Barry Godfrey, University of Liverpool
Since the 1980s, victims have been placed firmly on the criminological and public policy map. However, we know surprisingly little about past victims of crime. This paper explores how we might examine victims of crime using digitised data from England over three centuries - from the 1670s to the present. It discusses how new evidence bases could be used to establish who the 200,000 victims involved in trials over this period were, what relationship they had with offenders, how prosecution outcomes (in terms of acquittal or conviction) map onto victims' profiles. What kinds of cases were brought to trial - by victims, by the police and, after 1985, by the Crown Prosecution Service? How did those involved in cases not brought to trial secure access to justice? Which groups had the most effective access to justice in what circumstances and how has that changed over time?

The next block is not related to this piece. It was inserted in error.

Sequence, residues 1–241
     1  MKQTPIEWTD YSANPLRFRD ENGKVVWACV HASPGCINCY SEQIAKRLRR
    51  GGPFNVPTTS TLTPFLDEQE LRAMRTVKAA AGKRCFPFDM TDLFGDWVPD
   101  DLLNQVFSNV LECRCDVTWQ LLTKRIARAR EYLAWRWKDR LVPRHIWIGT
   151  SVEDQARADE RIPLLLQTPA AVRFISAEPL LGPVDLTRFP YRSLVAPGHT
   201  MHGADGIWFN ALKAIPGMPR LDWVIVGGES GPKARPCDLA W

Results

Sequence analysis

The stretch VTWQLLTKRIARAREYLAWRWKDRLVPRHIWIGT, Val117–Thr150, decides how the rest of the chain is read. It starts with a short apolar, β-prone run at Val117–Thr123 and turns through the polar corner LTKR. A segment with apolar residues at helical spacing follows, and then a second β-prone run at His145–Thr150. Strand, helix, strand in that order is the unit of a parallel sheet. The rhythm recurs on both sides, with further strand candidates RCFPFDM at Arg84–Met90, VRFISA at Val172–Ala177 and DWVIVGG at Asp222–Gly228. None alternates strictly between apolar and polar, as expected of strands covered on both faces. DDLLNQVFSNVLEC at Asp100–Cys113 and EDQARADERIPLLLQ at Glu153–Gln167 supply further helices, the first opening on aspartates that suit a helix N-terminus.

No extended abstract or paper available
Presented in Session 101. Regulating Criminal Bodies I